Looking at the MarineMax news clips and their prospectus, they claim to have had $234 million in sales in 1997 which was about 20% of all SeaRay new boat sales. That would put SeaRay new boat sales at about $1.17 billion. They may have had additional income from financing, service parts, etc but they are in the billion dollar range.

But, the same prospectus says their annual sales is in the range of 5% of Brunswick Marine Group sales. Brunswick marine sales in 1997 were $2.38 billion. This does not compute. MarineMax sales were more on the nature of 10% of Brunswick marine sales. I find it tough to believe Sea Ray represents about half of Brunswick marine sales (1.17find it tough to beliefind it tough to believe Sea Ray represents about half of Brunswick marine sales (I find it tough to believe Sea Ray represents about half of Brunswick marine sales (1.17 billion vs. 2.38 billion). U.S. Marine, Mercury Marine, Quicksilver and all the other boat companies make a considerable contribution to sales as well. However, much of Mercury Marine's sales are internally transferred to Brunswick boat companies. Bottom line, better have a billion $ or more before you belly up to the negotiation table.

How might negotiations between Toyota and Brunswick be initiated?

Toyota could approach Brunswick and ask them if they had interest in the new marinized Toyota ski engine. Once a dialog was established, conversations could widen.

Or perhaps they will read this column, get the idea and my prophecy will become self fulfilling?

Either way, Brunswick having a longstanding Japanese relationship (Yamaha), and Toyota having a major US presence should break down some of the cultural barriers of doing business. However, there are still a lot of skills involved in negotiating with the Japanese.


Get ready to read the headlines, "Brunswick sells Sea Ray to Toyota", by the end of the year.

Until next time!

Mr. Wizard


Please tell Mr. Wizard if you liked his column, if you think he's out to lunch, or any comments you may have. Send E-mail to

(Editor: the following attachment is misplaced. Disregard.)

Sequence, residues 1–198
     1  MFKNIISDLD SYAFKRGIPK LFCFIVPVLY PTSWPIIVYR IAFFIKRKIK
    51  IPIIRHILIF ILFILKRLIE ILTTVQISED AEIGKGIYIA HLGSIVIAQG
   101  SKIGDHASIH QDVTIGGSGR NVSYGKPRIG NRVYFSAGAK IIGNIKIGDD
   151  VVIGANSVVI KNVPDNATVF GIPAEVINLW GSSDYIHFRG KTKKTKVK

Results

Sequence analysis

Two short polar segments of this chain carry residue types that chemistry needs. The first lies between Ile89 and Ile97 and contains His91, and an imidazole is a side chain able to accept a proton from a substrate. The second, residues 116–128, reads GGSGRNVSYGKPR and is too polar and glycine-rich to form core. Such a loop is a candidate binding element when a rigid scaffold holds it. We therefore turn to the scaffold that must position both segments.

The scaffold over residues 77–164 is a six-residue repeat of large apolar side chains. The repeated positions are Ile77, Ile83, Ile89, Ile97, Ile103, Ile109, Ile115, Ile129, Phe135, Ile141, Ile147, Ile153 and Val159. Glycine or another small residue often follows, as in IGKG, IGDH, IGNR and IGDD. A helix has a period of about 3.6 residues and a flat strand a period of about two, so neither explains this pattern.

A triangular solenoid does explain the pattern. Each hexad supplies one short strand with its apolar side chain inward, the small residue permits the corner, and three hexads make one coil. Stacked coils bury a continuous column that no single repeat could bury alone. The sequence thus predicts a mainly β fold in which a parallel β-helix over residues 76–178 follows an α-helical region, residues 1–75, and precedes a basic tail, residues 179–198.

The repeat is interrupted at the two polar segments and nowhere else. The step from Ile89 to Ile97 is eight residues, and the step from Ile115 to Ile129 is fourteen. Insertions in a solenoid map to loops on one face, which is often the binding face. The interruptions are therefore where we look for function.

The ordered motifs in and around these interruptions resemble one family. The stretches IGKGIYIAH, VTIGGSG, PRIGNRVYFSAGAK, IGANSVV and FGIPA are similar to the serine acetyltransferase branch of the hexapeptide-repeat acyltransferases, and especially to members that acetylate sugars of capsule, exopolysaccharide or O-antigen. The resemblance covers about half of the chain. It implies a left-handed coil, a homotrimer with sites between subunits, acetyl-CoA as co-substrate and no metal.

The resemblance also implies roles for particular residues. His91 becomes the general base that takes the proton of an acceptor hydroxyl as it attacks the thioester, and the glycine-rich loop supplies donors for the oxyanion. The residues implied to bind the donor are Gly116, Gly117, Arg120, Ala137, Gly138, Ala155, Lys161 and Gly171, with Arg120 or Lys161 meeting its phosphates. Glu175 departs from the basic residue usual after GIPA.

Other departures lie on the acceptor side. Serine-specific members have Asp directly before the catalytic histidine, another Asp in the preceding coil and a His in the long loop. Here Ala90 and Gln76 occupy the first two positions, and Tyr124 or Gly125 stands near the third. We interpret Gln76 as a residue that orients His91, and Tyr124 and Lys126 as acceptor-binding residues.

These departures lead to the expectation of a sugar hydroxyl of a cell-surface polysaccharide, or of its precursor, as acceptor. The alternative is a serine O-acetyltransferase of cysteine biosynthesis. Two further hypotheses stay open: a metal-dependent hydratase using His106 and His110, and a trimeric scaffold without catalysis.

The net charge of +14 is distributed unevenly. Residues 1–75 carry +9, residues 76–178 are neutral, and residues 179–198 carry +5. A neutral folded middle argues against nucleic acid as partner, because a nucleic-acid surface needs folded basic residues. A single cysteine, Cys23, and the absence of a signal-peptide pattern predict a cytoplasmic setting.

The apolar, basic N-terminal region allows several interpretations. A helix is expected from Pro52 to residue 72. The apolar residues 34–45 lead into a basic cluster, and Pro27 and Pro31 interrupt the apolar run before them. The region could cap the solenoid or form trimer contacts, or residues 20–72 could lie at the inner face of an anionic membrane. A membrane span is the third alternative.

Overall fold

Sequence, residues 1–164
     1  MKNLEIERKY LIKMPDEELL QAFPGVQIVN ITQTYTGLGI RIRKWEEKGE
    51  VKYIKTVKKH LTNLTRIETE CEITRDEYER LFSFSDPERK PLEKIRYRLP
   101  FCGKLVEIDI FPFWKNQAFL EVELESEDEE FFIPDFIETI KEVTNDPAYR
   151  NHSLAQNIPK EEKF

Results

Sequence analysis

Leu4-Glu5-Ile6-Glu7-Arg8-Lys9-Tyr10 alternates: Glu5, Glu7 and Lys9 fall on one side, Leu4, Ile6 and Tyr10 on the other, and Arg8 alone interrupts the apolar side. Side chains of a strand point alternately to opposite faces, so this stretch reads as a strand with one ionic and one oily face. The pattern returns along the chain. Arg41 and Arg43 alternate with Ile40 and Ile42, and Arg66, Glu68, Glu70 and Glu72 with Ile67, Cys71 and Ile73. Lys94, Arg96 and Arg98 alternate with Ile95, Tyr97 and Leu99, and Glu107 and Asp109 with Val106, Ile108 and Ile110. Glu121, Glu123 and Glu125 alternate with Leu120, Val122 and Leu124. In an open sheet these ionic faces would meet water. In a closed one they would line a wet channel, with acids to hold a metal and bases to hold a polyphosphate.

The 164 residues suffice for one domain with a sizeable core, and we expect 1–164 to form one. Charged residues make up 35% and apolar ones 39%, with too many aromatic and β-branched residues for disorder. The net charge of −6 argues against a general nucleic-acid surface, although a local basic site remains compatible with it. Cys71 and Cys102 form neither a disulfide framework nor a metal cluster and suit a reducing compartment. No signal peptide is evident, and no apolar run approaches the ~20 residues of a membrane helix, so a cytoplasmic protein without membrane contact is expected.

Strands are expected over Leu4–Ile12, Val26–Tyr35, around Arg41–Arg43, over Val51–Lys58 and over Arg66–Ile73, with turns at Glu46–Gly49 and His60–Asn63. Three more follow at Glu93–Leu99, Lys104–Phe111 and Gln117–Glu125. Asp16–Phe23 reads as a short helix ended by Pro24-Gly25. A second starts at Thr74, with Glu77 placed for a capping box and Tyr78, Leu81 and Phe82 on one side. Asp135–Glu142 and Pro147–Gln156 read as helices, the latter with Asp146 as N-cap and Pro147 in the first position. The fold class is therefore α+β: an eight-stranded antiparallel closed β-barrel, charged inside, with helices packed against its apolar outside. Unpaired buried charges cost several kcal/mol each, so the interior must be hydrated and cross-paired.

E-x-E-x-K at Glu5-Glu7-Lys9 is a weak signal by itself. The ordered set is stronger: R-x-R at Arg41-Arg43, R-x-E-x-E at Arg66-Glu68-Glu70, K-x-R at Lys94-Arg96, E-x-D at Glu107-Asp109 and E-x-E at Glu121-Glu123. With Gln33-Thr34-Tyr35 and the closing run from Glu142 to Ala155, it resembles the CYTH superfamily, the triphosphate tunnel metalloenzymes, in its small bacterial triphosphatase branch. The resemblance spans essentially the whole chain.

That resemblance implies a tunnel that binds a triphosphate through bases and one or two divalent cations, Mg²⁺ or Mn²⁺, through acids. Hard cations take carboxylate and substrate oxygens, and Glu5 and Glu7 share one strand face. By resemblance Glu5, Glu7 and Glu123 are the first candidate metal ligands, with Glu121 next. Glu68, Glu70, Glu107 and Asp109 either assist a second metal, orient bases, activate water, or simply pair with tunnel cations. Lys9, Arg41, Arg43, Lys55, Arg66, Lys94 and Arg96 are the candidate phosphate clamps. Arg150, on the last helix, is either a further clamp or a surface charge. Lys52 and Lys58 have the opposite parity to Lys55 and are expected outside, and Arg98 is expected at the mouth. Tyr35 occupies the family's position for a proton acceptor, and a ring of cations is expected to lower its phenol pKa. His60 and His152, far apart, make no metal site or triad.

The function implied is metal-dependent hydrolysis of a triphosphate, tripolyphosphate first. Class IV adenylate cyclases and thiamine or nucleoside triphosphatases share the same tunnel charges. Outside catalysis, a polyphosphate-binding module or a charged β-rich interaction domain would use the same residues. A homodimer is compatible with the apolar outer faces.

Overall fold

5 Aug 1998

A reader suggested Brunswick might "loan" the money to Marine Max to allow them to purchase Sea Ray.

6 Aug 1998

A reader summarized his views and some materials in this week's "Automotive News" on the Volvo situation.

"Volvo currently has no plans for any merger or sale of the 
company. Since the Renault deal fell through there has 
been a decision made to avoid any merger or acquisition. Volvo 
will instead do joint projects with partners around the world. ...
I can see a future in which Volvo decides to concentrate solely on 
heavy trucks and sells off the marine division. I don't think there is 
any near term sale of Volvo to worry the Penta people."

6 Aug 1998

"I really enjoyed the future of Brunswick article.  It made so much 
sense wondered why I didn't think of it.  Would be a good fit with 
Toyota and allow Brunswick to diversify out of boats.  Time will
tell. Keep up the good work."

9 Aug 1998

A reader mentioned Japanese businesses (like Toyota) rarely acquire other companies. They tend to create alliances with them.

9 Aug 1998

Wonderful article.  As an industry follower and peripheral 
participant, such commentary keeps me closely tied to
the industry.  The speculation is fun too!  Looking forward 
to more.  

Regarding confusing figures -
Is it possible that  Marine Max figures referred to retail sales $ 
vs. wholesale figures reported by SeaRay which would explain
the ratio discrepancies in comparison to Brunswick sale figures. 

Date: 10 Aug
From: Tearpitz
Subject: Re: What's next for Brunswick?
Brunswick is probibly seeking out its next victim.Buy a boat 
company for its name,and lower the quaility.Great!

Date: Wed, 12 Aug 1998